Multi-Frame Integration for Mobile Scanning & OCR
Reflection and bad lighting conditions can be a big issue when your are performing mobile scanning on a document. You are tediously trying to find a proper angle permitting the retrieval of all the relevant information at once and even if you’re able to scan the document, the scan result could be poor or incomplete. Looking at more than a single frame and integrate the redundant information of multiple frames with multi-frame integration for OCR enhances your mobile scanning experience.
Integration of Multiple Frames in OCR
Although it is a trivial idea, merging the information of multiple frames in OCR & mobile scanning technology is not as simple. This process is often referred to as multiple frame or temporal integration. Given the task of OCR, one can reduce the approaches to the following two ways:
- Perform OCR on each frame separately and merge the resulting text.
- Merge the frames to get a single “more suited” image to perform mobile scanning with OCR on. Depending on the situation this could mean that the result should be without any reflections, obstacles or distortions. Even increased resolutions could be possible if the input image quality is insufficient.
In the following I will consider a few problems which you have to handle in this context, before performing actual mobile OCR.
Plane Rectification & Text Detection
So let’s say you want to scan a business card (a planar rectangular surface) and you move your camera around it. Obviously you get a different perspective on it in each frame and you do not have this perfect view from above like for example the one you get when using an office scanner.
In other words, the business card in your image is perspectively distorted. This has influence on the results of the scans and your OCR experience. We need to warp our image such that the card is not geometrically distorted anymore. A (slightly contrived) example:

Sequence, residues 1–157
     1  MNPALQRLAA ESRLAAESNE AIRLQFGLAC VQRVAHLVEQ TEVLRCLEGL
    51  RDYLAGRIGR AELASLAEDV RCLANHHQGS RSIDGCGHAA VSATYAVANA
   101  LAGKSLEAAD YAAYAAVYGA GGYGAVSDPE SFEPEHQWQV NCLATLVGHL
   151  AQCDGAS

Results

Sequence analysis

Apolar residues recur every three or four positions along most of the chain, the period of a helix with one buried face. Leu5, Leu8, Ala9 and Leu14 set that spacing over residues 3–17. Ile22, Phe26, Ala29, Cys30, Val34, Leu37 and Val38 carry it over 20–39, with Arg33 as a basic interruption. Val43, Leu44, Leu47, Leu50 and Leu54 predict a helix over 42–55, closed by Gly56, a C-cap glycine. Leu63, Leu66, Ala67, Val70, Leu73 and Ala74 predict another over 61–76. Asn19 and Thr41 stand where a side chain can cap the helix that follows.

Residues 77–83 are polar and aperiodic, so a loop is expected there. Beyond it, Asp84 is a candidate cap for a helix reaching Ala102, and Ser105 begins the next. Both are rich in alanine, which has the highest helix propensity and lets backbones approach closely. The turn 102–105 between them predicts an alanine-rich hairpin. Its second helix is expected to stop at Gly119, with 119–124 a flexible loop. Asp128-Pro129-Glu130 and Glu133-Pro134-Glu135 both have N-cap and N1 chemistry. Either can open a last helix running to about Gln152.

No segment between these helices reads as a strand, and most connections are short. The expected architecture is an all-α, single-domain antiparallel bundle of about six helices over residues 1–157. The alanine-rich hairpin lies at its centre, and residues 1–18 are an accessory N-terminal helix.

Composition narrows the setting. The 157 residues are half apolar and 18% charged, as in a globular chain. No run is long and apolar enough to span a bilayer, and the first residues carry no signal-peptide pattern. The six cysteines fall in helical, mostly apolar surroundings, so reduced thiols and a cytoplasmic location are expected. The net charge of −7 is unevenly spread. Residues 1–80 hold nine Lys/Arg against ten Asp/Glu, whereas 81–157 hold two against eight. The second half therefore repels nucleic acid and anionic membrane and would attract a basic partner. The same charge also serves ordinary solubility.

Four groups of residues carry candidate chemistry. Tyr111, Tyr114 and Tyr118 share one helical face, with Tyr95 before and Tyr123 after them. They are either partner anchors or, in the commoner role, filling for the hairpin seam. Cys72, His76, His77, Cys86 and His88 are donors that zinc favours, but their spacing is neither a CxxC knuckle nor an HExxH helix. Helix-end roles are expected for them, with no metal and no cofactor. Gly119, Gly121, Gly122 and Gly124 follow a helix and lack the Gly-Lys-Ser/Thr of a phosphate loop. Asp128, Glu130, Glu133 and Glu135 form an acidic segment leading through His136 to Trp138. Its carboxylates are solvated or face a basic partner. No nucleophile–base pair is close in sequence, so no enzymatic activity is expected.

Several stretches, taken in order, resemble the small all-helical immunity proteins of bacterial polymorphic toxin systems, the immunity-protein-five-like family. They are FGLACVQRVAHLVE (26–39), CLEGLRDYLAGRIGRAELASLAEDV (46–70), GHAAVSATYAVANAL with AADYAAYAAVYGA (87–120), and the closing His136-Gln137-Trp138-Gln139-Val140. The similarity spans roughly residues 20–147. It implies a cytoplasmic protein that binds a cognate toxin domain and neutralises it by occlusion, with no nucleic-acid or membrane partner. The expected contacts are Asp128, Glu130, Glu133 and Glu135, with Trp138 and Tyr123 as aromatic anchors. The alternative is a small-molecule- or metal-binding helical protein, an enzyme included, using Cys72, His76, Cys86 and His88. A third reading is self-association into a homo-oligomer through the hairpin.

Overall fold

Another big problem is to find the text you want to recognize. Since you need to move your camera around to get different lightning conditions you can not tell the user to place the camera statically such that the text is within a viewfinder window or similar. Your software has to find the target text yourself.
Given a high resolution image made by nowadays mobile phones, this could be an expensive task. We will not go into details here but there are several attempts and this is a topic in OCR research as well. For those of you who are interested in more information regarding this, you’ll find some interesting resources and links at the end of this article.
Target Tracking & Actual Multi-Frame Integration
Since the rectification and the text search in general are quite expensive tasks, you may not want to do it on every single frame but only on a few keyframes. To not lose the information of the remaining frames you can track your target over time. This is generally faster than text detection in each frame separately.
There are tons of different approaches to track different objects in videos like people or cars. Nevertheless, like in our business card example, let us assume that the text is printed on a nearly planar surface (So, to be on the safe side, don’t create an origami bird out of your text document). This assumptions makes things a lot easier. In simple terms, the math under the hood changes from nonlinear (pure evil) to linear (marvelous & wonderful).
Let’s keep things marvelous, wonderful & linear.
A simple approach could be based on salient feature. That means nothing other than finding the same distinctive corners or blobs in consecutive frames. A visualization of it can look like this:
Finally, we do have several frames and know where to find the required text in each frame. As already mentioned in the beginning, we can now perform OCR on each frame separately and simply compare the results. If the same text is recognized multiple times, it is likely that the recognition was successful.
However, to give an (even more contrived) example for the second category, the following figure illustrates the fusion of two overexposed frames using a simple (but regularly exploited) minimum operator (only applied to the overlapping region for presentation purposes):
Of course the given examples are quite simplified, nevertheless the concepts remain the same. As you can see, MFI can remove bothering reflections and improve the certainty of your recognition result. However, a lot of components must work well together to obtain results better than single frame approaches.
More Information on Multi-Frame Integration
These resources give you even more insights into the possibilities of Multi-Frame Integration in OCR. Text detection and recognition, especially in video imagery, is still a hot topic in nowadays research as you can see and lots of awesome variations are published every year.
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